GPA. High school graduates must also have a minimum 1650 SAT score or minimum 24 ACT score. Proof of sponsor's military status,
and two essays must be included with application packet. Students may also submit additional information concerning extenuating
circumstances for consideration.
Protecting Yourself from Identity Theft
Watching over your finances can prevent big problems
by Ellie Kay
Due to new federal consumer protection laws, everyone is allowed to receive
one free copy of their credit report per year from each of the three credit report agencies—Equifax, Experian and TransUnion.
Since there are three, it means you can get a free copy every four months. Remind yourself to order one of the
three free credit report copies every four months. This tiny tip can save you big bucks and/or a major migraine when
it comes to identity theft or other credit-related headaches.
What else can you do to keep yourself safe from the ever-growing threat
of identity theft? Learn to identify the latest scams:
Never give your social security number, account numbers, date of birth or
other personal information via e-mail or on the phone unless you initiated the contact. Most major Internet sites and
financial institutions have been targeted, including Citibank, PayPal, eBay, Bank of America, Wells Fargo, the Internal Revenue
Service and America Online. These scams usually show up in your inbox with a message from the “System Administrator”
telling you to perform some urgent maintenance on your account.
This attempt to obtain your information has been around for at least 10
years and is sent out to victims via letter, fax or e-mail. The message states the sender has millions of dollars and
needs help to transfer it out of Nigeria or other African countries.
This is the second-most reported consumer fraud complaint to the FTC, totaling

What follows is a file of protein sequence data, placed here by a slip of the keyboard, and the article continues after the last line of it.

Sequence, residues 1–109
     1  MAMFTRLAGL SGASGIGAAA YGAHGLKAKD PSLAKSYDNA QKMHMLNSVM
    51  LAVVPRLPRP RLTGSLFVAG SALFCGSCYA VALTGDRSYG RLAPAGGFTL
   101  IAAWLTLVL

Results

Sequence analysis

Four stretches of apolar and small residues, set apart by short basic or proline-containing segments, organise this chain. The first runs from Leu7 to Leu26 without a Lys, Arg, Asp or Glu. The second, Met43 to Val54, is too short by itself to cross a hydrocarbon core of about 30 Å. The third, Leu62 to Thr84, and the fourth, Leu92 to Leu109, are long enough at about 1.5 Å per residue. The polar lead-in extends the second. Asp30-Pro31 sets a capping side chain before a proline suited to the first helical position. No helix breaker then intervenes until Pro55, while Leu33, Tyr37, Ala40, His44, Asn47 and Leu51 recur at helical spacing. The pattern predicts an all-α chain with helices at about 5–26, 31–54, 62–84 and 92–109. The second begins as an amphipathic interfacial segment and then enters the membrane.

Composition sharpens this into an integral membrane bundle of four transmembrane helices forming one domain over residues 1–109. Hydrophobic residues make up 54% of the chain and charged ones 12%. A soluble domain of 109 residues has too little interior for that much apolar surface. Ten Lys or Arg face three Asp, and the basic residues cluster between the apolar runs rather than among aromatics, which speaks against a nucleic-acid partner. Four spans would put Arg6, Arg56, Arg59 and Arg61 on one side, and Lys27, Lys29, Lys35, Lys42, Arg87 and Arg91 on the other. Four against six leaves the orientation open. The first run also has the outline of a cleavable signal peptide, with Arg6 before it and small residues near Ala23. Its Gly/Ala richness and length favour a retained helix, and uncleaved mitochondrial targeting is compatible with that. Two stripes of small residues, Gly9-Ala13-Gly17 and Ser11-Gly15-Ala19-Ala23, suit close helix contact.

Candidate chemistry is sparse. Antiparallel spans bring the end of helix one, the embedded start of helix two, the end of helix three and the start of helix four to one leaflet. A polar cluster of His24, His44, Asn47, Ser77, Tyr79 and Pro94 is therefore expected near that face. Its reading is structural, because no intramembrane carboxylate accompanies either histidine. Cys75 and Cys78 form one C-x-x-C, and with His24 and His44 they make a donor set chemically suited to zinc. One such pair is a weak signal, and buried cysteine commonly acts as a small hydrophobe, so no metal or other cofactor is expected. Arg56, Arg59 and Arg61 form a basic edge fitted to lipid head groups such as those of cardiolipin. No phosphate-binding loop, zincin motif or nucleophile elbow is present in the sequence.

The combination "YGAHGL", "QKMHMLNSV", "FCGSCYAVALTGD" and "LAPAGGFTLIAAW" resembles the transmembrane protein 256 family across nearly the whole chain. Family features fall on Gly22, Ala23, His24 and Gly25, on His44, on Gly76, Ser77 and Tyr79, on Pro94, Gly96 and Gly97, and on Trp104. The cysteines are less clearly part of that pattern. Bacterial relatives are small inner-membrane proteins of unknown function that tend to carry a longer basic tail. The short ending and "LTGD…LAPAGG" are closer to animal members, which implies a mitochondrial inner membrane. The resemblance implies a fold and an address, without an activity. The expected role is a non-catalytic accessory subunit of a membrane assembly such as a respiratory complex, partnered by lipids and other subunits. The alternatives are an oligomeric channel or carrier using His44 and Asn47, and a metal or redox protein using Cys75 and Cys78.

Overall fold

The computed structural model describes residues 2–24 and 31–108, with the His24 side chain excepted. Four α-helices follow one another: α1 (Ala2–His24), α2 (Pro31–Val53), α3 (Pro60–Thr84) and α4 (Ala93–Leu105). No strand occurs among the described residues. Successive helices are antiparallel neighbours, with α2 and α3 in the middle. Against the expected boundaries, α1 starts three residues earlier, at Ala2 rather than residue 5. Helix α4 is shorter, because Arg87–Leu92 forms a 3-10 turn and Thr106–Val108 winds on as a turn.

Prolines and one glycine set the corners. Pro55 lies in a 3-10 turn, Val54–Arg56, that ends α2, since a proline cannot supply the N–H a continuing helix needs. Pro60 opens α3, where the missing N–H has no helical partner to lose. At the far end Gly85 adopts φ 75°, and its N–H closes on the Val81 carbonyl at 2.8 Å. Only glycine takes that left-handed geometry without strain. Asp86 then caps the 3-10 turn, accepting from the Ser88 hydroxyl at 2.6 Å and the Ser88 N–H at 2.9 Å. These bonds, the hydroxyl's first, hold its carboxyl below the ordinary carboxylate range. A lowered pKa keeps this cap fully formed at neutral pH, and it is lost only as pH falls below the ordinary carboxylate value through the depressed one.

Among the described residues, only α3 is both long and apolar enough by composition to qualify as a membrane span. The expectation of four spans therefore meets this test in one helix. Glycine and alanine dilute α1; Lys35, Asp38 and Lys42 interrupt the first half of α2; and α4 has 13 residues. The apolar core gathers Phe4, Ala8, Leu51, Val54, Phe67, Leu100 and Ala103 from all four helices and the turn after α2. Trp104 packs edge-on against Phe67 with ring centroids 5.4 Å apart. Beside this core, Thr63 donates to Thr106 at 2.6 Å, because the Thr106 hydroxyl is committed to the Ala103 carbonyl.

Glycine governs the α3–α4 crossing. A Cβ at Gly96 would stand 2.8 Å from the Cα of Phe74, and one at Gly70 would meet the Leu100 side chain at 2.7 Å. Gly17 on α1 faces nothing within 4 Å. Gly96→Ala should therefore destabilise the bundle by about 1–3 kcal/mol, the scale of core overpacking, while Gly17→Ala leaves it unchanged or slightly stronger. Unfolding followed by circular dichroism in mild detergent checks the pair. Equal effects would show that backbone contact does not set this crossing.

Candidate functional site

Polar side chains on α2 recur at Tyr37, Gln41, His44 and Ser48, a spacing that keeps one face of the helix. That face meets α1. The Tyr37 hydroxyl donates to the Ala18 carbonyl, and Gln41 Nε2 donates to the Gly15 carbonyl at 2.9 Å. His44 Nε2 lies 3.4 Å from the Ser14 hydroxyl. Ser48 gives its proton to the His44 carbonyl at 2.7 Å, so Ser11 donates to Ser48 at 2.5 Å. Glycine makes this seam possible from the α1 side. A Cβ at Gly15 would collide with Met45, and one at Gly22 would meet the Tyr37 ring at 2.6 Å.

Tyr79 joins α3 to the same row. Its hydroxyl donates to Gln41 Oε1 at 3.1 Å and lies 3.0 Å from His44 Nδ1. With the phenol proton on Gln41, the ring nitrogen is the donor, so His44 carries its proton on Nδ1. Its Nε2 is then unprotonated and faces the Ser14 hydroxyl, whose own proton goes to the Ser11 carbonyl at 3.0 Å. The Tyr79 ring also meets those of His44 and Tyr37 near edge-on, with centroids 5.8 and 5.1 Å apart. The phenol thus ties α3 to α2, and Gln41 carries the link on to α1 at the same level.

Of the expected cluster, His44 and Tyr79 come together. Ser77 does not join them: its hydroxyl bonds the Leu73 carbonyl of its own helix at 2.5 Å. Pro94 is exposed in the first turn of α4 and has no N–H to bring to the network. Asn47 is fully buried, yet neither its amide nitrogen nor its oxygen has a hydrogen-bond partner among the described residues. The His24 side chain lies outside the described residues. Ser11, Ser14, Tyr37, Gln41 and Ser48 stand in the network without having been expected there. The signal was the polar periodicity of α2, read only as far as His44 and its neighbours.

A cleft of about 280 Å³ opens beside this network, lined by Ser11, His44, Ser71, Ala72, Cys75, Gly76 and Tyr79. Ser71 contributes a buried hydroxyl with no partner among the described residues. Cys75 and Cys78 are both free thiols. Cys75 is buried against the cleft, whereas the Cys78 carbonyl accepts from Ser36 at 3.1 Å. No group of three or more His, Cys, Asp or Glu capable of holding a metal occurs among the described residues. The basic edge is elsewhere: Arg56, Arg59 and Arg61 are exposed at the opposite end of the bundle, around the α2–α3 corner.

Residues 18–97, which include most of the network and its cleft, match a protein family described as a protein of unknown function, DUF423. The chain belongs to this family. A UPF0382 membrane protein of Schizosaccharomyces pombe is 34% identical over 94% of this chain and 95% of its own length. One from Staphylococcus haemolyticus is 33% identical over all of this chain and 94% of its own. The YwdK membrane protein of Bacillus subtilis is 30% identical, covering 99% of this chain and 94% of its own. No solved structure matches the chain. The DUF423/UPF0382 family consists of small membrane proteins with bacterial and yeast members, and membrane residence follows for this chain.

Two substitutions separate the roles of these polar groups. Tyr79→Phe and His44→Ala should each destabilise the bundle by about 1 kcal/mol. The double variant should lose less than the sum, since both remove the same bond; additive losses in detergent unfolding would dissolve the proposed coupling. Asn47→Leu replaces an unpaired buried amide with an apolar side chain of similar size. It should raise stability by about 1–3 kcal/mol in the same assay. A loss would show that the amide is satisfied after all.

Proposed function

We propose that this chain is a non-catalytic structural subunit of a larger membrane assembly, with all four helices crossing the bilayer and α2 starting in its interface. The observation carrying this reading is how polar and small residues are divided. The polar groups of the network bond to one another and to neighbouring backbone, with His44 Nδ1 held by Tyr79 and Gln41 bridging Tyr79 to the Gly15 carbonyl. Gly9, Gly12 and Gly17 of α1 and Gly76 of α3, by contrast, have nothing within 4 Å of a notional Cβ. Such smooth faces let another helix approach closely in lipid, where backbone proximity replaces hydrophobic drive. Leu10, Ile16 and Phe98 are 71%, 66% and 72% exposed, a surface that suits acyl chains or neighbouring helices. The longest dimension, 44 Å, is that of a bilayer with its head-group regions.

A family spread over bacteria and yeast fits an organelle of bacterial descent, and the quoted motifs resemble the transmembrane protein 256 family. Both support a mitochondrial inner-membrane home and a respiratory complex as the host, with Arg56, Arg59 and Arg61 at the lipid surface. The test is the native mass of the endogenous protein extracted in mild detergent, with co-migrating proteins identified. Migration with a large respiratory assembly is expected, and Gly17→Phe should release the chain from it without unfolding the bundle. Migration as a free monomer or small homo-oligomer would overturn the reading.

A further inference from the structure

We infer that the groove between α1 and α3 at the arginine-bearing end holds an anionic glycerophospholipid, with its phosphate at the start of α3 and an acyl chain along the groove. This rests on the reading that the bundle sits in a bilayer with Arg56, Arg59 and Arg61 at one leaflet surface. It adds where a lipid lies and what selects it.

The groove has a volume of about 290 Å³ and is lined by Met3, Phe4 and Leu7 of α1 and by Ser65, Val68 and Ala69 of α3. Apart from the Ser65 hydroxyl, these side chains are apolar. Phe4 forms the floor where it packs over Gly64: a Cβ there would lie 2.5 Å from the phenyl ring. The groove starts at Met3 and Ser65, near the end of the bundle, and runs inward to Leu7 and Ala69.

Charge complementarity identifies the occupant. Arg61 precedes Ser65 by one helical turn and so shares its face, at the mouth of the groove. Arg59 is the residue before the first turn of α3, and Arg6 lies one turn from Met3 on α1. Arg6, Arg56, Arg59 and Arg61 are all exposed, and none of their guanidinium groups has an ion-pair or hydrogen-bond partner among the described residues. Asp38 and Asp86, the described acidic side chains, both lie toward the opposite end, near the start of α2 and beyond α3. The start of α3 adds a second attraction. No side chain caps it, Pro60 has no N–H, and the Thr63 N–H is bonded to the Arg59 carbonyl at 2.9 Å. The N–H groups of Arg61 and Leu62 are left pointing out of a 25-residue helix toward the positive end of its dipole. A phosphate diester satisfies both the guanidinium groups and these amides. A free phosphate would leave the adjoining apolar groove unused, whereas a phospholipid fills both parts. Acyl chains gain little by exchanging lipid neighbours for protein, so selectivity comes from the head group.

51,000 auction complaints in 2005. The fraud is simple—put up a fake ad on eBay, let someone “win”
the bid and send in their money, but never send out the merchandise. To avoid such scams, make sure the seller has an
established history before you click “buy.”
IDENTITY THEFT OR CREDIT REPAIR
The FTC has warned that some companies that claim to be identity-theft prevention
companies are scam artists trying to get your driver’s license number, mother’s maiden name, Social Security number
and credit and bank account numbers. If you are unsure about a firm, check it out with the Better Business Bureau at
If someone calls you on the telephone and offers you the chance to receive
a major prize but insists on gathering personal data first, ask them to send a written application in the mail. If they
refuse, then hang up.
CREDIT CARD APPLICATIONS
Consider getting a secure mailbox (key access), since many identity thieves
like to take your mail directly from the box (or from the trash), fill out your credit card applications and put their address
in the information box. Always shred credit card applications and contact your credit card companies to never release
this information to other companies.
Want to thank a service member for serving but are not within earshot? Watch the following to learn how....
Feel like baking a little something for the next holiday gathering? Try one of the great recipes below!
Win a one-of-a-kind Warriors in Pink Mustang!
The following drawing for a pink Mustang is sponsored by Ford for their "Warriors In Pink" Breast Cancer Awareness campaign.
Take your fight against breast cancer to the streets. Enter for a chance to win a one-of-a-kind Warriors in Pink Mustang.
A legend through and through, this grand prize custom Mustang is designed to unleash your inner Warrior spirit.
Two additional winners could also have a chance to take home custom Warriors in Pink prize packages from cool gear to an
Every entry raises awareness, so join the fight and enter the One-of-a-Kind Warriors in Pink Mustang Sweepstakes by December
Pink Mustang Giveaway
Holiday Decorating-Military Style!
Using local holiday traditions to decorate
by Joan Gaither
One of the many perks of being in the military is having an opportunity to observe or participate
in the holiday traditions of other cultures and, most importantly, bringing little tidbits back to incorporate into
your own holiday design plan.
Joanie’s tip: One important tradition we started when our children were toddlers was
giving each child a small tree in their room to decorate as he or she liked. I remember years of Barbie-doll shoes and accessories
and miniature racecars on the children’s trees.
We have managed over the years to gather a huge collection of “junque” from other countries,
and we use the treasures only during the holidays. Germany, the home of Christmas ornaments, has the mother lode of incredible
glass artwork. Hawaii is famous for its Emgee ornaments, and you don’t want to miss a chance to get them. Use a child’s
hula skirt for the tree skirt, and presto—an island Christmas.
Here in the Southwest we use raffia and chili peppers for decorations. One of my most-talked-about
door wreaths was a large straw wreath wrapped in strips cut out of a serape. I put a medium-size Santa in the middle, threw